How old are they mentally. I ask myself that question quite often, haha. I love knowing what is in someone’s pockets, it says a lot about someone. How do they want to die is an awesome question, but it requires quite a bit of thinking to answer it, I guess. I love the psychological aspect you must to consider when creating a character.

    • I hadn’t either, but this appealed to me 🙂
      I agree, knowing what’s in someone’s pockets says a lot about who they are. It wasn’t easy to cut down how many questions I had, but this one was always going to stay!
      Thank you, I’m so glad it got you thinking! I’m quite excited to fill this in for my characters 🙂

  3. These are all great questions for getting to know our characters better. 🙂 I have a list of questions that I work on for each character profile I create. (Some of them come from the Writer’s Digest post you linked to, actually!) I also follow a monthly blogging meme for writers called Beautiful People, where we answer 10 questions about one of our characters each month. That’s been very helpful and fun as well.

    Would you be interested in trying Beautiful People? I can give you the link to this month’s questions, if you’d like.

  4. I loved this post and gave me a lot to think about 🙂 Something I will definitely keep in my mind and look at in the future 🙂 Thank you for sharing 🙂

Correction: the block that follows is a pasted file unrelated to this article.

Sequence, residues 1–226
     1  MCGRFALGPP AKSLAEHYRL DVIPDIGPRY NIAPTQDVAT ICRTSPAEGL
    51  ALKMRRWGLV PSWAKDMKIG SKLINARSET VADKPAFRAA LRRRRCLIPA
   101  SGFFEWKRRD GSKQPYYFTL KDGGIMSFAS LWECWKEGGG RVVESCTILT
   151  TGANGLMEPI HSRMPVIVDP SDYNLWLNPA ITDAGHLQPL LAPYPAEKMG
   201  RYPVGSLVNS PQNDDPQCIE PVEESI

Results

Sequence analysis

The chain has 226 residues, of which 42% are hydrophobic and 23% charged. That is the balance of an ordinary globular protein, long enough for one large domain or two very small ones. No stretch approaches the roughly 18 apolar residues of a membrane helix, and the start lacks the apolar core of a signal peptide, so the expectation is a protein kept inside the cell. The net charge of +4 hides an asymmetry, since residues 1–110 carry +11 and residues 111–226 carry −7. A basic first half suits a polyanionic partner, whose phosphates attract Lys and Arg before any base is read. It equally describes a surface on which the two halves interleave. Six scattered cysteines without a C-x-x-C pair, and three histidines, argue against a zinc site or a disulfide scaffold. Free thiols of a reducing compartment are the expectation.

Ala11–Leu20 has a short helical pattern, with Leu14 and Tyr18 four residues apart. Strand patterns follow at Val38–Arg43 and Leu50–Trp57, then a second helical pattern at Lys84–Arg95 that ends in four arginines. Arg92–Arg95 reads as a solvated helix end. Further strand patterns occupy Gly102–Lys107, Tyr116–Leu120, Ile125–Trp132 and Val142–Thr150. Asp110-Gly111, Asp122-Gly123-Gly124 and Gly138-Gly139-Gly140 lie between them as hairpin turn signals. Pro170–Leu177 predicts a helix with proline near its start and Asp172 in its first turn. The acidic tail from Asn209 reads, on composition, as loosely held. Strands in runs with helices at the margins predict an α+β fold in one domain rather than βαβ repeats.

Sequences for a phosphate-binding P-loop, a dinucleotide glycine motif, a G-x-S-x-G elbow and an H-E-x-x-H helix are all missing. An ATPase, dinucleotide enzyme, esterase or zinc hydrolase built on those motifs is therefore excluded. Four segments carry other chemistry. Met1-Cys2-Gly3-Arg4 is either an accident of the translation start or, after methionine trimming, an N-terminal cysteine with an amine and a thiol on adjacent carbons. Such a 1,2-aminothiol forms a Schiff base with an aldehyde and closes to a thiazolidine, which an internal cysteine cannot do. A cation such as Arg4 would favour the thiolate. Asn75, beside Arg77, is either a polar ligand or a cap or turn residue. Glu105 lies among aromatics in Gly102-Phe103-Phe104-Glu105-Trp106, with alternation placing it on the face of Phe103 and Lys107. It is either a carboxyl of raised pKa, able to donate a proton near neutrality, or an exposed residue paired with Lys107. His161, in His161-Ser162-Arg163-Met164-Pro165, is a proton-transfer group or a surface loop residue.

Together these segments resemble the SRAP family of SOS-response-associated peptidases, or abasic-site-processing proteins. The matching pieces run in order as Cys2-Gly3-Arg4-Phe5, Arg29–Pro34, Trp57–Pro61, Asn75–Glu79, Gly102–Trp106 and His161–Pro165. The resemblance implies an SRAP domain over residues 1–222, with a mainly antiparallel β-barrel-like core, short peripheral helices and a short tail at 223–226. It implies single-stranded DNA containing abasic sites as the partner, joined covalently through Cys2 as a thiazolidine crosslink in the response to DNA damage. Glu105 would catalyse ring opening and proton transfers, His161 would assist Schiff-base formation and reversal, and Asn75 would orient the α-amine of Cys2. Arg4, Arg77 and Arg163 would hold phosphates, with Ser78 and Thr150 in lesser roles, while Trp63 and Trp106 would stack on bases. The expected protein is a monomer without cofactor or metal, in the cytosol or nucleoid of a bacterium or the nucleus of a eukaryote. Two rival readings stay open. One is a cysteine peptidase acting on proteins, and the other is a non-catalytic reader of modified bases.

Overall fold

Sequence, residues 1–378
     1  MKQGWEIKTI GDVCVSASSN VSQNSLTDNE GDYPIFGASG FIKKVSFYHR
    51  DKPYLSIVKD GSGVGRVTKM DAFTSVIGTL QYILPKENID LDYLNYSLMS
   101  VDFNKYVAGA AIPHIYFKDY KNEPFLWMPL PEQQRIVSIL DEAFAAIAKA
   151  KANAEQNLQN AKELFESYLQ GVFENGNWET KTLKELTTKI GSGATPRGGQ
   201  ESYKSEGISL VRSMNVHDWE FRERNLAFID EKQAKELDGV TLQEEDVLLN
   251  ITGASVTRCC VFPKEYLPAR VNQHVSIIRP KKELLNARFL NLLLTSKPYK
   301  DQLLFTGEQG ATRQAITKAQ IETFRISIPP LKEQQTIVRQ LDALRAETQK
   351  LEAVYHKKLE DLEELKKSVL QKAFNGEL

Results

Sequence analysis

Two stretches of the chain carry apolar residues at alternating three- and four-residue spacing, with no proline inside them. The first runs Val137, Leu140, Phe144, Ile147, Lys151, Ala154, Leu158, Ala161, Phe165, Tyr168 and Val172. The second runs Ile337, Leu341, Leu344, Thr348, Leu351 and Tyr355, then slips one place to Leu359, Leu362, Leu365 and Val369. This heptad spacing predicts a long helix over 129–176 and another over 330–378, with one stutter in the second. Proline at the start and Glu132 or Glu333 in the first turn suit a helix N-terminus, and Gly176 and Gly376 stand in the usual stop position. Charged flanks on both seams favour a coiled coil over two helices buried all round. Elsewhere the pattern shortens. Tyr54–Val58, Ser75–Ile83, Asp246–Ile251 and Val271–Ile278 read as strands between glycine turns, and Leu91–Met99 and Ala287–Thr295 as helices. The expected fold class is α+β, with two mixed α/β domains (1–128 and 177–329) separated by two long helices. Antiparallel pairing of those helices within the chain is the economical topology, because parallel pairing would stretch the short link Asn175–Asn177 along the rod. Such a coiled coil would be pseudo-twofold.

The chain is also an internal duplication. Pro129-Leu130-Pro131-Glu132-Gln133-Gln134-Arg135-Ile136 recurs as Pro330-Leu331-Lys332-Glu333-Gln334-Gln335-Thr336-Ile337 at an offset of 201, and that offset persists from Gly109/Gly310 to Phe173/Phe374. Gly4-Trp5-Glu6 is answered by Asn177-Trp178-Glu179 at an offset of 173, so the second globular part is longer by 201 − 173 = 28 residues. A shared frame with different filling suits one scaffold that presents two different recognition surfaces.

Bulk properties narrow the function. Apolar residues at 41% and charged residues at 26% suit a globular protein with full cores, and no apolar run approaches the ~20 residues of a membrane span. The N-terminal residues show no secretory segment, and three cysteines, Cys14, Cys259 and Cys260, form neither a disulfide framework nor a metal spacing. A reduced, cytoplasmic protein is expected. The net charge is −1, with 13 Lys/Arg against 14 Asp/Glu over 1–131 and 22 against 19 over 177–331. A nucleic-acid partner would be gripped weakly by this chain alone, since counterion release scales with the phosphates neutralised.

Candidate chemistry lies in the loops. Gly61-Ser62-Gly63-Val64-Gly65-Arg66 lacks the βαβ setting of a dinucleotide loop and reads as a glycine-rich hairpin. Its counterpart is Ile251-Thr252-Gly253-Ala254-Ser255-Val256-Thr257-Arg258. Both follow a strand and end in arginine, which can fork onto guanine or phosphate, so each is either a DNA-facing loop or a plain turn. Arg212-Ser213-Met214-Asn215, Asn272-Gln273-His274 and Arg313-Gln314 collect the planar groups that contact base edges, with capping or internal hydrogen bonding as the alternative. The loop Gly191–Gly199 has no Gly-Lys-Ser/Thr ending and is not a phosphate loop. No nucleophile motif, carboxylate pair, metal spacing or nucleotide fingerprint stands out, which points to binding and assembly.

5. I totally agree, there are so many lists out there on how to get to know your characters, but yours definitely helps. It’s the perfect balance between the thing of things a writer needs to know and the things the audience needs to know, so thank you!

    • Thank you! I possibly spent more time on putting these together than I should have done, but I wanted to be thorough and not cut a question I’d regret not having 🙂 I’m so glad you find it useful!

  6. What great questions, Sarina! I’ve been thinking of doing a similar thing, compiling questions from books and websites. This will be a great asset to me for sure!
    I’ve also been thinking of using prompts to inspire stories from my character’s backgrounds to get to better know them as well. But questions are a fun way to get there too!
    Thanks for sharing <3

    • Thank you! I hope it can be of use to you 🙂
      I’ve been using prompts for that, too. Since my book of prompts only gives me so much room, I don’t have the space to overthink it which is very useful! 😉